HANFORD — Hundreds of local runners will hoof it around town this weekend during the fourth annual Hanford Cow Run.
The half marathon and 5K race are scheduled for 8 a.m. Sunday, Feb. 3. Proceeds from the event benefit Valley Children’s Hospital.
“It motivates you to try something different and better yourself as a person and to better your body, health and mind,” Cow Run co-founder Eunice Rosas said, adding that being around so many people that are motivated to complete a marathon for the first time or to beat their previous time can be quite inspirational.
In addition to owning AAA Mufflers and Radiators in Hanford, Rosas and her husband, Cesar Rodriguez, founded the nonprofit organization Run for All to promote healthy living and physical activity in the form of the Cow Run.
Registration for the Cow Run is $95 for the half marathon, $55 for the 5K and $20 for the children’s 5K, available to ages 5-12.
Speaking to the Sentinel before last year’s event, Rosas said that if 500 runners signed up, the race would be a success. That race outdid expectations, drawing around 650 runners, walkers and joggers into the foggy morning air for the good cause and the exercise.
This year’s registration looks a little thin compared to last year, Rosas said, but she’s hoping say-of sign-ups will boost the numbers.
“I think the shutdown has affected sign-ups. Some of my runners work for the Federal government and I think everybody’s just watching their money because you just never know nowadays,” she said.
About 130 of the race’s participants are employees of Adventist Health, who have been sponsors of the event since the inaugural race
“We’re gaining recognition in the community, but some people still don’t know about us,” she said.
Going into its fourth year, the Cow Run draws in many return runners year after year, Rosas said.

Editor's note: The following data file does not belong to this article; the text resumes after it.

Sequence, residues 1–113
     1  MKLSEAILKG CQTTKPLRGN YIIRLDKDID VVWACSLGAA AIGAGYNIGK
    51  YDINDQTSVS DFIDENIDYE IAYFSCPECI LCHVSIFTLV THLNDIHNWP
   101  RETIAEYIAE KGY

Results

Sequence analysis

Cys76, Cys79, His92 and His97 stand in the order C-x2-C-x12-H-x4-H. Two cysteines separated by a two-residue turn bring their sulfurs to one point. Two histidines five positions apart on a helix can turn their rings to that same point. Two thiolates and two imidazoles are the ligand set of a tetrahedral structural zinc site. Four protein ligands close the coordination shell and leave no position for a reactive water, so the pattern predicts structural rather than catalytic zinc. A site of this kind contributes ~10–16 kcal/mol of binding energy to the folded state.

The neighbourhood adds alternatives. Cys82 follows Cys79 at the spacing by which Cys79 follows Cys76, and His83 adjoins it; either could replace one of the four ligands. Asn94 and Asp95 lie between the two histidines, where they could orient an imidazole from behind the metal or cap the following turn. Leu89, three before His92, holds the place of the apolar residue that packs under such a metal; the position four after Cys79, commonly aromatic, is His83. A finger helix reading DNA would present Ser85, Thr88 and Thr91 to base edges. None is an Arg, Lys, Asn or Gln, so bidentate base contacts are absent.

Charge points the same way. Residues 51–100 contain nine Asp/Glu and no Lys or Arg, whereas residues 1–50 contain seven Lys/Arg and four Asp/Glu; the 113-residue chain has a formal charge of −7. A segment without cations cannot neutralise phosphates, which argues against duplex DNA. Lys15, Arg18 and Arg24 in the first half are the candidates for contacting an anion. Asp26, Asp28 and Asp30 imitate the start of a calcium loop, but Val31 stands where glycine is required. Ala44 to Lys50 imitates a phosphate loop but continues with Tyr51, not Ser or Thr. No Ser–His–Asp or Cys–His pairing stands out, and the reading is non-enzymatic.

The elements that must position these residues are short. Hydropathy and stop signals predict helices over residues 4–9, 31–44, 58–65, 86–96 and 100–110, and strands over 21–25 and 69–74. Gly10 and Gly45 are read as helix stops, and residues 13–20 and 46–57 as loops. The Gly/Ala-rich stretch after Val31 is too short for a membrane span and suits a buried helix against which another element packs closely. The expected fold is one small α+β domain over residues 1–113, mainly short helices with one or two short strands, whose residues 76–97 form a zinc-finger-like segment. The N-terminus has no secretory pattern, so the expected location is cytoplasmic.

“Every year, I get participants who come up to me saying they’re thankful that the Cow Run has opened them up to the opportunity for a healthier lifestyle,” she said. “I have a sponsor who has been participating since the first year and she has lost so much weight and has increased the activity in her life in so many ways. She’s very active now and has said that it started with the Cow Run.”
The participants, who hail from all over the Valley, will receive a post-run breakfast, prizes and gifts.
The 13.1-mile race begins on N. Mustang Dr., near Frontier Elementary School before making its way down 13th Ave., eventually looping back around the rural route.
Rosas said that in our digital age where many relationships and experiences exist solely on a computer screen, it’s good to experience a “real” community event like the Cow Run.
“Events like the Cow Run and other events in the area – they’re real, they’re not fake. When you come out here, it’s a different experience. You get to meet people, everyone is laughing and everyone is happy. That’s satisfaction,” she said.
Rosas regrets that she has yet to experience the Cow Run as a runner, being too busy with organizing to lace up her running shoes and joining the community herd.